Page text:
Closing out his discussion on HR+/HER2- metastatic breast cancer, Kevin Kalinsky, MD, MS, highlights key takeaways and shares excitement for future evolutions in the treatment paradigm.
Kevin M. Kalinsky, MD, MS: So, for patients with hormone receptor–positive, HER2-negative, endocrine-sensitive disease, you can see that this is a really actively interrogated disease at this time. In terms of targeted therapies, the agent that we’re anticipating may get FDA approval next is capivasertib. Again, we’ll see [whether] this is for patients with PI3K/AKT pathway-altered tumors only or for all comers. We’re also awaiting the results of randomized phase 3 trials with CDK4/6 inhibitors. Of course, these are agents that have been approved and we’re familiar with, but there’s a question about sequencing these. We’re waiting for the results of those trials like postMONARCH [NCT05169567]. There are a number of other interesting targeted therapies that are coming down the pipe as well, including PI3K mutant-specific inhibitors, those that do not inhibit wild-type but may inhibit, for instance, H1047R may have less toxicity with significant benefits. I would keep your eyes out for those studies. Those are in early-phase trials at this time on the targeted therapy side. Now we’re on the endocrine therapy side as well. Right now, we have the approval of elacestrant for patients who have ESR1 mutations. We’ll see how the other oral SERDs [selective estrogen receptor degraders] pan out, whether these will be approved in only the mutant population but wild-type as well. Also, categories like CERANs [complete estrogen receptor antagonists], other SERDs, etc. There are lots of things going on. I suspect in the next few years we’ll see how all of this shakes out. It is quite promising because, ultimately, we want to continue endocrine therapy or targeted therapy for as long as possible before we have to introduce chemotherapy or [antibody-]drug conjugates in the metastatic setting.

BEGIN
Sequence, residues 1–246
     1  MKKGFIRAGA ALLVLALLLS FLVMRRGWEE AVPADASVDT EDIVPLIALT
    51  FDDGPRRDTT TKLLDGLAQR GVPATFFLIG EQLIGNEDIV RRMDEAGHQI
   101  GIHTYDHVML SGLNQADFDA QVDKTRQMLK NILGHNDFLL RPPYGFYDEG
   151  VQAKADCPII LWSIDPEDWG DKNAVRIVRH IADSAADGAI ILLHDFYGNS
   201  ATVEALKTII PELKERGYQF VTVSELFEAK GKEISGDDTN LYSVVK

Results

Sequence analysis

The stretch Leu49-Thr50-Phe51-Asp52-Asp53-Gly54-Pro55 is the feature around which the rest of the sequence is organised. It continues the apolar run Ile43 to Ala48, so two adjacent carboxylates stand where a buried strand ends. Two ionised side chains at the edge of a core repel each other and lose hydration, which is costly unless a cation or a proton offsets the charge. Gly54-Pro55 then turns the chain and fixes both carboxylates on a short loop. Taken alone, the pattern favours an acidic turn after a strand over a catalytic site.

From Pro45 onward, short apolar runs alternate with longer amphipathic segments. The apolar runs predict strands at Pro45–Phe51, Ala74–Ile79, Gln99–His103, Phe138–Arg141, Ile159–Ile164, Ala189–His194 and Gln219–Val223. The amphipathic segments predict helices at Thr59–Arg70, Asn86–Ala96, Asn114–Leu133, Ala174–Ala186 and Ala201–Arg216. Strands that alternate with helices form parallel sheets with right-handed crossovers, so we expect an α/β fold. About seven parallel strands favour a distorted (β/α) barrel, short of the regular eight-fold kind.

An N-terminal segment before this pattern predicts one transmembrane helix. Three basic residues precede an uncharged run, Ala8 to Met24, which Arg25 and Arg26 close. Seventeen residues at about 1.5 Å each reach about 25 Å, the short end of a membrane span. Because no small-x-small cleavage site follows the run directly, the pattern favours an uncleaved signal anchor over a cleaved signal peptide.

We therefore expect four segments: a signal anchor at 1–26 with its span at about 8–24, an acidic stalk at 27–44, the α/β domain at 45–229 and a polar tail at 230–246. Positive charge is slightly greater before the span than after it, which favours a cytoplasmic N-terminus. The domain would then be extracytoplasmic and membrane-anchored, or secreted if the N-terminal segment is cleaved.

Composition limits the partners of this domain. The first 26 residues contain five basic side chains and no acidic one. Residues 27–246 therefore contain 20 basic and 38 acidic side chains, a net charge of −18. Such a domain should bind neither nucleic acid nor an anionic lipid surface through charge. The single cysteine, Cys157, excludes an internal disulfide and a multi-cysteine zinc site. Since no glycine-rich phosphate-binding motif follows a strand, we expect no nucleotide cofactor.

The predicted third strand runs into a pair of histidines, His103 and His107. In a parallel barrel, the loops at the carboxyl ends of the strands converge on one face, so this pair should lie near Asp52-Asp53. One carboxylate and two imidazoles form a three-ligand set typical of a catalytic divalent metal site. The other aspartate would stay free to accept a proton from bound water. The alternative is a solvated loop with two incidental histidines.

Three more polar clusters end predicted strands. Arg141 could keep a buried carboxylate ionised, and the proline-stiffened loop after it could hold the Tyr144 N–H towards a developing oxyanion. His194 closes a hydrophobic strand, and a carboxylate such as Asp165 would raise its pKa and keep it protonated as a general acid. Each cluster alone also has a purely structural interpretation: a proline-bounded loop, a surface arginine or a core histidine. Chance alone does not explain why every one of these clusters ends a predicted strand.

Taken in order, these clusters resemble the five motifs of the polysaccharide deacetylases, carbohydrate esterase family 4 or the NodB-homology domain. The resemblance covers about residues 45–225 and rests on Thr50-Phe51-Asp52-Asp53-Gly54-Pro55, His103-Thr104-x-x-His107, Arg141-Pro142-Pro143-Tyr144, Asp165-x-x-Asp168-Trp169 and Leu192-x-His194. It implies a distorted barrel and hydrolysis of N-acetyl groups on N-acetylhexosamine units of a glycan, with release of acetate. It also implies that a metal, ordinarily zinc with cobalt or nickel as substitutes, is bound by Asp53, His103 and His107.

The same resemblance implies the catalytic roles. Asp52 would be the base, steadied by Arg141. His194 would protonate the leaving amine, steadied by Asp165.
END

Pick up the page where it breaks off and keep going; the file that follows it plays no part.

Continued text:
Kevin M. Kalinsky, MD, MS: So, I think we’re most eagerly anticipating seeing, within the next 6 months or so, the data from DESTINY Breast06 [NCT04494425]. This is a study that’s looking at the potential utility of trastuzumab deruxtecan in a HER2 ultra-low population. Right now, we’re giving it to patients who have HER2 low disease. We’re awaiting the data for patients with ultra-low disease, asking the question of whether we should be utilizing trastuzumab deruxtecan in even more patients with breast cancer. In ASCO this year, we saw the results of the benefit of trastuzumab deruxtecan and various other malignancies in patients just demonstrating the activity of this drug. In breast cancer, the question is whether we can go even lower, where if you have just a little bit of HER2 expression, whether you benefit from getting the drug.
Transcript edited for clarity.